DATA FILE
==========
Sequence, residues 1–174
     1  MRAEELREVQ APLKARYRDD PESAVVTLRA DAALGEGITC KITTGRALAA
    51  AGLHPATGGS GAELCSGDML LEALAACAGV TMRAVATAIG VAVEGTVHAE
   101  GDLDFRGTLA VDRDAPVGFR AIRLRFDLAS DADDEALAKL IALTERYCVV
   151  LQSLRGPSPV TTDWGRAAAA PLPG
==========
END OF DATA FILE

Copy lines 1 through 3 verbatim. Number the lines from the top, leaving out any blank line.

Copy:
Sequence, residues 1–174
     1  MRAEELREVQ APLKARYRDD PESAVVTLRA DAALGEGITC KITTGRALAA
    51  AGLHPATGGS GAELCSGDML LEALAACAGV TMRAVATAIG VAVEGTVHAE